Monday, October 27, 2014

Keep Being You, Piper

When I think about my childhood, I tend to remember the good parts of being young. The music I liked, the things I did. The people I loved.

I focus on those things, because they make me happy. Who doesn't remember the fun of dancing to Thriller? Or being kind of freaked out by the video? Who doesn't happily remember the smell of the roller rink, or the sound of Madonna playing on the giant speakers?

Wow, I'm totally dating myself, aren't I?

In reality though, being a kid, at least for me...well, it kinda blew.

I really thought that if I was just nice, people would like me. Isn't that cute?

See, if you know kids, or were one yourself at some point, you know that's actually not at all how it works.

Popularity is this very nebulous thing. And I never really found any of it. I was...whatever the opposite of popular is.

I think the only thing worse than the daily pressure of living in that environment (kids can be seriously brutal in ways that scar you for a long time), is watching your child go through it, and being absolutely powerless to stop it.

Since slapping the sense into preteens is both against my personal morality, and the law (stupid laws and morality), I have to settle for trying to explain to my twelve year old daughter, things I didn't know until I was much older.

And then I have to hope that she really understands, and that it's enough to help her get through it.

Today I explained to her how different people try to hold on to their popularity in different ways. How some people try to be cool, and how other people try to make you look bad so that they'll look better by comparison.

Who came up with that system, anyway?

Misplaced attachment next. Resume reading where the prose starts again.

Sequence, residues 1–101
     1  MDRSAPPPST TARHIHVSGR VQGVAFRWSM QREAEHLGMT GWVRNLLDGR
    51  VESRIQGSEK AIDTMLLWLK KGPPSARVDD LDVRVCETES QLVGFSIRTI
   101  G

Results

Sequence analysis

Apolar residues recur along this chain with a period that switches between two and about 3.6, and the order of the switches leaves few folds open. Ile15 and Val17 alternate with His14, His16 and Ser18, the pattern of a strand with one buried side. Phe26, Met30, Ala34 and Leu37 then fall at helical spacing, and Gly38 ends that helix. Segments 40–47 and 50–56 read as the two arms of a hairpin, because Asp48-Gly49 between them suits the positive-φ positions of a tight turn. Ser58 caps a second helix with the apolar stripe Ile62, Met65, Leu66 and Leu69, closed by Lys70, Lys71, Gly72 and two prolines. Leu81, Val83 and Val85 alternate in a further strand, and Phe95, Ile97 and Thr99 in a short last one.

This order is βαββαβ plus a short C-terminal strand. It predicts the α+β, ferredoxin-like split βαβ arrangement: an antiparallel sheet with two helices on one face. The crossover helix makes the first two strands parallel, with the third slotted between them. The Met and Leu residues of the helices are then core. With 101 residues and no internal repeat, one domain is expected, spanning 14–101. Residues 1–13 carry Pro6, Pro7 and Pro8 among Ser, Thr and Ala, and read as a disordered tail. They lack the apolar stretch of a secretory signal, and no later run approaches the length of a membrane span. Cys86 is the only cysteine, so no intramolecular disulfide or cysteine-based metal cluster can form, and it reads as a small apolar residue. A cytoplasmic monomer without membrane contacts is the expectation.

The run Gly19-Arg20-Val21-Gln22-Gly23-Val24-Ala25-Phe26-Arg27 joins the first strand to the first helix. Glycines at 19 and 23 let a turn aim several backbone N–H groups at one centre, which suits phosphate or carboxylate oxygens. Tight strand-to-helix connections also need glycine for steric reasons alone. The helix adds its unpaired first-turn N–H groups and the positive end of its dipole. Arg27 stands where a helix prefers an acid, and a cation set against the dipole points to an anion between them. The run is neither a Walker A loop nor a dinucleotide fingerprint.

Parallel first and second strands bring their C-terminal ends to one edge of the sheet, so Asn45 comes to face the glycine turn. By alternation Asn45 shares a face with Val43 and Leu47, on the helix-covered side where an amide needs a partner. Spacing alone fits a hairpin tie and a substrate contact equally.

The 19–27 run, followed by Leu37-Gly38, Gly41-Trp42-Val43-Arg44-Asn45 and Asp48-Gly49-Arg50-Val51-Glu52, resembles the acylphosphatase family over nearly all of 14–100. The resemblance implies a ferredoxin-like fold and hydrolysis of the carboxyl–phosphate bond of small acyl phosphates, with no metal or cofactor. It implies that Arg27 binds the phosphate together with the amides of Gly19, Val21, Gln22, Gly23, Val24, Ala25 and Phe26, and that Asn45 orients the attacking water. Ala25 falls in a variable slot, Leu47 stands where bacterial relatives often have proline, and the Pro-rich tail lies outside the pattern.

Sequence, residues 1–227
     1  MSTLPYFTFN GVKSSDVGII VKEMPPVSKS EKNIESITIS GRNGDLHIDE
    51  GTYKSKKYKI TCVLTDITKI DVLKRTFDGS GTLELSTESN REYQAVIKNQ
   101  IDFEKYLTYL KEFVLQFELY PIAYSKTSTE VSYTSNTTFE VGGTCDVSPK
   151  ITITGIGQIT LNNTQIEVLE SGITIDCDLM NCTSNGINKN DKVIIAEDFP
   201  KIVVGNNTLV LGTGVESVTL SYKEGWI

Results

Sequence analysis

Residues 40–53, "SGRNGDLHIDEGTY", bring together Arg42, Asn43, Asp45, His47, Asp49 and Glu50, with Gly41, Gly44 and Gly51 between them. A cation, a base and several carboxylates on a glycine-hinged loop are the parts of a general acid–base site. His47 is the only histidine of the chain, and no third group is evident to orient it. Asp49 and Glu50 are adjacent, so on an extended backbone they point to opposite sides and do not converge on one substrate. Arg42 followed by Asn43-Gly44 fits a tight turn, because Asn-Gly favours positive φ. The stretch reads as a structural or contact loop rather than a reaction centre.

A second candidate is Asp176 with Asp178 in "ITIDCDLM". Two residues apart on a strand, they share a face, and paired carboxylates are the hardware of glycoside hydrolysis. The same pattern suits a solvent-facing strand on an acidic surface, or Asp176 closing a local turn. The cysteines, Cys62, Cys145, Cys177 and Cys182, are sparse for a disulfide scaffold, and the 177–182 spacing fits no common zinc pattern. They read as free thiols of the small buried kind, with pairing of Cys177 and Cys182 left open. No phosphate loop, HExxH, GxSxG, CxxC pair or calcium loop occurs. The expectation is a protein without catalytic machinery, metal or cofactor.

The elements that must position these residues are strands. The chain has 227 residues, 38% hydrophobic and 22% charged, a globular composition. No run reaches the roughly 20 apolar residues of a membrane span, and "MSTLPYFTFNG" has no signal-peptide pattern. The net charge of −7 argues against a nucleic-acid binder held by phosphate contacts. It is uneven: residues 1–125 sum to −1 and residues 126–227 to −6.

I told her that the truth is that mostly everyone is actually kind of scared. Everyone wants to fit in and be accepted for being who they are. And everyone is afraid that they won't be.

I warned her to be careful, and not let them change how she relates to the world. I told her to keep being a nice person, and people will come around. Even if it takes years. You don't have to be like everyone else, but you do have to be honest about who you are, and what you want to be in the world. You have to keep treating other people with dignity and respect, and know that you deserve the same.

And it does end. People grow up, they learn, and the things that matter so much when you're twelve, don't matter as much when you're 30.

Seriously, when I was 12, Milli Vanilli was still relevant and the shoulder pads. Oh my GOD, the shoulder pads. Women all looked like linebackers.

That said, Debby Gibson forever, and don't touch my Electric Youth perfume. (I'm not even kidding, I actually own a bottle of that. It smells godawful, just like my adolescence.)

Seriously though, I wish I could cover her in bubble wrap until 12th grade graduation, but since I can't, my biggest hope is just that she keeps being herself. Because, and I may be biased here, but I think she's kind of wonderful.

And if you read this, then you're probably wonderful too. If you liked it, click the link below which registers a vote for me, would you? Thanks. You're the best!
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